Field and CPL Updates

2010-2011 Antarctica

February 2, 2011
Update provided by Ken Taylor
project update image
Celebrating success!! Photo: John Fegyveresi

Dear WAIS Divide Enthusiast,

Having reached our depth goal and run out of time we are done for this season.

All week we were packing everything that was not needed for the final push, including the email link. Four Jamesways were taken down and everyone squeezed into what was left. Jay and Krissy operated the drill for the last run, and we all squealed when the cable length passed our goal of 3,330 m. People started to drift into the drill arch and soon the whole camp was there. Krissy had selected a rocking sound track and when the drill came up with the last core the 45 people in the drill arch were putting out enough energy such that we could have shut down the generators and all the equipment would have kept working. There were handshakes, hugs, and a crowd filled with huge smiles. Then there were a few toasts to the core and everyone that made this possible. Everyone that wanted to drew an up arrow on the azimuth line than ran along the last 3 m long crystal-clear segment of core.

project update image

The last core. Photo: Mark Twickler

After lunch the drill was sent down again specifically to determine the borehole temperature. It was a slow trip down, a pause at the bottom, then a slow trip back up, all without the heat-producing motors and expectant crowd. The drill brought up an unexpected treat of 11 cm of core (see photo at left) that had been left behind from the previous run, sort of an "encore core" that brought the length of the core to 3,330.030 m, but that number will change after the core processing this summer adjusts the field logging. The drill cable reports a length of 3331.583 m, but the cable length changes a bit between runs possibly due to changes in the temperature history of the cable. Please use 3,331 m as the depth, as it does not overstate the precision of either measurement.

The stopping depth of 3,330 m had been chosen before the field season began because it was as close to the bed as we could go and still be confident we would not connect to a possible basal water system. This was a good depth to stop for several other reasons. We only had a half-day left for drill operations before we had to pack to leave. We used that time for the temperature run and to give Josh a chance to make improvements to the drill software which can only be tested with the entire drill assembly. Also, the plane to pick up the last of the cores was scheduled to arrive 8 hours after the last core was pulled up. Lastly, it would have been foolish to drill into the difficult, and potentially sticky, conditions near the bed when there was not enough time left in the season to recover from any complications.

The borehole temperature at 3,330 m as measured with the drill is -10.5 C. I guess that has an uncertainty of about 0.5 C. Projecting that to the bottom, I estimate the basal temperature is in the range of -8 C to -6 C. Temperature logging at the beginning of next season will provide a better measurement. This rough measurement suggests we have a frozen bed, and may indicate the ice is older than anticipated.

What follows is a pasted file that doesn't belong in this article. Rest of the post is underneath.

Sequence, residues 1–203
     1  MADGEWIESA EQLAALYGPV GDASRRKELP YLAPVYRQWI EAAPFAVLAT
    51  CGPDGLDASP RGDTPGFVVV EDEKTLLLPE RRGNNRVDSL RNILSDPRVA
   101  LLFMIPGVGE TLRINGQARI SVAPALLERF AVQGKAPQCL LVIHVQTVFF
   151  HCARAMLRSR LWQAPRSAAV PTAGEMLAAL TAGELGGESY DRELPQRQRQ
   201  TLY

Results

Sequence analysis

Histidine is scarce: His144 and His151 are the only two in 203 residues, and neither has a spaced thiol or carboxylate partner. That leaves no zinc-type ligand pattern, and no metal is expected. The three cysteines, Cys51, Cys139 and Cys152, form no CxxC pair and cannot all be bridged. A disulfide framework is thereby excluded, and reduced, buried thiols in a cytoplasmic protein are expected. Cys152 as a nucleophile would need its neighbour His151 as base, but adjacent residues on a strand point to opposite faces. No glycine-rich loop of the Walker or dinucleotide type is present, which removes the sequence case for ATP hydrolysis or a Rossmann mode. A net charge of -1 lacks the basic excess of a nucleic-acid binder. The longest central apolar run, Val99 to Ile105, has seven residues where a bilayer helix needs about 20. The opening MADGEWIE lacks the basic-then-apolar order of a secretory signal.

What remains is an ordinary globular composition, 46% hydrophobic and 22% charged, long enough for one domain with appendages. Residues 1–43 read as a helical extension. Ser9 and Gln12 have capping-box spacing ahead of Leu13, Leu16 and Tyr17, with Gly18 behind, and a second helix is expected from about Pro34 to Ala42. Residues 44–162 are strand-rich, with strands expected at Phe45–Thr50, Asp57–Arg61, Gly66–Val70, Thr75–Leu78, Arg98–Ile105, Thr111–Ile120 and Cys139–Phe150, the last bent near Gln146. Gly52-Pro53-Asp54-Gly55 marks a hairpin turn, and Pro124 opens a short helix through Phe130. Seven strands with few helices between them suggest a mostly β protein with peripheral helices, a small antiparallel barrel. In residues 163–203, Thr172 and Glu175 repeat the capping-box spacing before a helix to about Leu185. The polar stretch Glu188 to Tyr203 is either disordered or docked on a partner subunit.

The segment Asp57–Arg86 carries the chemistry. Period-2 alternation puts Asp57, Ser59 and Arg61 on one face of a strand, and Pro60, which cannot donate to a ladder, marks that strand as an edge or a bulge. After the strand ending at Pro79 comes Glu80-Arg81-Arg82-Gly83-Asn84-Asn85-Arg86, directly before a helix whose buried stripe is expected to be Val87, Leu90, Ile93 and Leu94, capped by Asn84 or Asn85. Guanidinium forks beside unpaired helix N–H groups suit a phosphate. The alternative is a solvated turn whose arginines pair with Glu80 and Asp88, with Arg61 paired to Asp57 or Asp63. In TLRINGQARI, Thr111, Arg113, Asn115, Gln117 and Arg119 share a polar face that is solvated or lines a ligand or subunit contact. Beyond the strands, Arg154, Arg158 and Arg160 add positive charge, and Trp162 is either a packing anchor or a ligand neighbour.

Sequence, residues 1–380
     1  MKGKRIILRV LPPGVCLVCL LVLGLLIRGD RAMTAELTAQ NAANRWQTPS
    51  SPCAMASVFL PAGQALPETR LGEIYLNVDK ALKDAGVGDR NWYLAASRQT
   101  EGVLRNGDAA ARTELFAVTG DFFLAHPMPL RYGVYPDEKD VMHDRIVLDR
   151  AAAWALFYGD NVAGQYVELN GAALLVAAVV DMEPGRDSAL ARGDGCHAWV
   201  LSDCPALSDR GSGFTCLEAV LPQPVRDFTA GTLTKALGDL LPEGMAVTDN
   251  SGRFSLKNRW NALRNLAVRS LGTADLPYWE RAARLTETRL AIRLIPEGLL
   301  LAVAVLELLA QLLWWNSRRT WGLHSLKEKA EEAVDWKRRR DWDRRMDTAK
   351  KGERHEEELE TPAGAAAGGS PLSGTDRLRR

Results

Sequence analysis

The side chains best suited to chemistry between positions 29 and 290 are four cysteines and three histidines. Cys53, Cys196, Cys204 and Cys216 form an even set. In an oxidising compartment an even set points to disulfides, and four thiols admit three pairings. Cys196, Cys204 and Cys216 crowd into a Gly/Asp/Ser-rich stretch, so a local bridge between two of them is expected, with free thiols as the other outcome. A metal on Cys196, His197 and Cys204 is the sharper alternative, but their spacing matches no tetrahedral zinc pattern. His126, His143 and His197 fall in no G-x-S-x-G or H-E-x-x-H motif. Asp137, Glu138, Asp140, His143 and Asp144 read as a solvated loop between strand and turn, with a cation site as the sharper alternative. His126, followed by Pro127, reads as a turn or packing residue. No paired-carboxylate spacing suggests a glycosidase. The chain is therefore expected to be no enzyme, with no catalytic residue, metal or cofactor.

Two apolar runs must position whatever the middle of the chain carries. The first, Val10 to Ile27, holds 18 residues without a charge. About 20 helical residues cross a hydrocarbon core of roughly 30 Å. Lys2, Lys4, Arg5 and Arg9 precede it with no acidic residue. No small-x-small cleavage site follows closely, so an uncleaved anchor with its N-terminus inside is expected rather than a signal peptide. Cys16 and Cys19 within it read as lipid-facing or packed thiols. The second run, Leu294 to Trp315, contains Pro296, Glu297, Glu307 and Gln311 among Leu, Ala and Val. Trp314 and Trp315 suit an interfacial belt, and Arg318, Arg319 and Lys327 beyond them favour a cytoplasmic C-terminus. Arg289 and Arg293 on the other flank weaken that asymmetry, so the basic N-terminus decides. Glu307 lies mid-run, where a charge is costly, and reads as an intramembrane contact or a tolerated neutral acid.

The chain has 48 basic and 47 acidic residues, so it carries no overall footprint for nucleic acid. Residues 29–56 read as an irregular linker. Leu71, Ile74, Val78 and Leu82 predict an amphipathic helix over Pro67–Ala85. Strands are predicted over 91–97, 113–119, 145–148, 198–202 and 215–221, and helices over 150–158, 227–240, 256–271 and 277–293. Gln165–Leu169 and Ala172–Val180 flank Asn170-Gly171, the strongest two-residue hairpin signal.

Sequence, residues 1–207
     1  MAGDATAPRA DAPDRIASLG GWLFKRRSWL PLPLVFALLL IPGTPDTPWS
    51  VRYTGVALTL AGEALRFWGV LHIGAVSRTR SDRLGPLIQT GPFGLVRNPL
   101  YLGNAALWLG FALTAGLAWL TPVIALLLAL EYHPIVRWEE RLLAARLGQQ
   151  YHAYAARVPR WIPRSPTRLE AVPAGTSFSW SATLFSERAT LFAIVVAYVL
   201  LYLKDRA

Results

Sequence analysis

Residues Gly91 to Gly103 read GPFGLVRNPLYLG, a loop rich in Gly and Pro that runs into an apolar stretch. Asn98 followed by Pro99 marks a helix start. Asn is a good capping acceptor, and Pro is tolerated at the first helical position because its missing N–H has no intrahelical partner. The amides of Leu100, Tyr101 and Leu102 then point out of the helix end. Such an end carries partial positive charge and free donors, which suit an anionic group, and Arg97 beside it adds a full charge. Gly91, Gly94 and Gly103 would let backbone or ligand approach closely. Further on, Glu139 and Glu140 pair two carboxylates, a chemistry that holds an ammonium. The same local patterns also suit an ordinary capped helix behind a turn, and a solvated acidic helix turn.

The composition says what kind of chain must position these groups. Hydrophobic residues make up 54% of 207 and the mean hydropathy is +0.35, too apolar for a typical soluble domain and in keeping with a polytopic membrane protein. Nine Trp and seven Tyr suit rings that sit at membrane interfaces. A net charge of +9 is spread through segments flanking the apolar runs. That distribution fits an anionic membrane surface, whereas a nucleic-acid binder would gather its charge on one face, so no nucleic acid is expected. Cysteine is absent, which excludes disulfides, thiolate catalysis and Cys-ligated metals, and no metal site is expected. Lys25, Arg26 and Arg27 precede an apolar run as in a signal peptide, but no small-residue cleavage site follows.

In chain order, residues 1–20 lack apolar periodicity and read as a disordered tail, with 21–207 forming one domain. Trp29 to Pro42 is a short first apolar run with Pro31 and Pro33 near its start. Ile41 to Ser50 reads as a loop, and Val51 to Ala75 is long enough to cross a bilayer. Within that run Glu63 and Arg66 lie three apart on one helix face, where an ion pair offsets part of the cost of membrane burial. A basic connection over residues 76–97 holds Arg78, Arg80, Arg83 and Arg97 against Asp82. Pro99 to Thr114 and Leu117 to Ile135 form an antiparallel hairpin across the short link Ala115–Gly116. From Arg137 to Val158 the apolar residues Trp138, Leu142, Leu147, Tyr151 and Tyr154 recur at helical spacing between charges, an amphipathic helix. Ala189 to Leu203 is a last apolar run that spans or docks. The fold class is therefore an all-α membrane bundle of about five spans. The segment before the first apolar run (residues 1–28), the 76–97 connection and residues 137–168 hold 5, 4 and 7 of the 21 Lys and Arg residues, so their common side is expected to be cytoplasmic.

There is still 35 to 100 m of ice below the bottom of the hole. It would take less than a week to recover that ice next season unless we encounter problems with warm ice, which seems unlikely. During the next few months we will consider recovering the ice below the bottom of the hole.

We spent the next day packing and reduced the previously vibrant arch to a shell of inoperative equipment. A crowd cheered as all the ice was loaded on a plane to start the long trip to NICL. The flight also brought in Steve Mikel, the refrigeration technician who has been maintaining cooling systems for our ice cores for at least 15 years, including at Siple Dome, here at WAIS Divide, and on the ships and trucks that move them to NICL.

Our cooks Michele Gentille and Francie Buck cooked up an amazing celebration feast, which included lobster, roast beef, fresh bread, green salad, apple pies and much more. It was a great way to celebrate and brought the whole camp even closer together.

Weather forced the season to start two weeks late, and there were numerous technical problems that made meeting our goals slim to impossible on several occasions. In the end with the luck of having 200 m more drill cable than was ordered, a lot of perseverance, and no major injuries, it all worked out.

The recovered ice contains a record of carbon dioxide with the highest possible time resolution for the last 100,000 years, and is excellent for comparison with the Greenland cores to study inter-hemispheric climate changes. It is a record that will be prominent in the study of human induced climate change for decades to come. Yet the project is only half over, and the analysis of the samples and development of integrated interpretations will take as long as the eight years from when the proposal for this project was submitted.

Many people were part of the team that made this possible, and some of them really stepped up this field season. Nicolai Mortensen was at WAIS a month longer than planned. At several times the success of the season depended solely on his brain and hands. Jay Johnson, Krissy Dahnert and Gifford Wong relentlessly pushed to get to the depth goal while keeping the crew in good spirits during stressful times. Paulene Roberts kept the camp running smoothly and well integrated with the coring operations. Julie Palais was our advocate in McMurdo and in Washington D.C., enabling the project to get more than its share of attention including the season saving five-day extension.

Below are the SITREPs from Giff and Jay that provide all of the details.

It's been a great ride, thanks for letting me be part of it.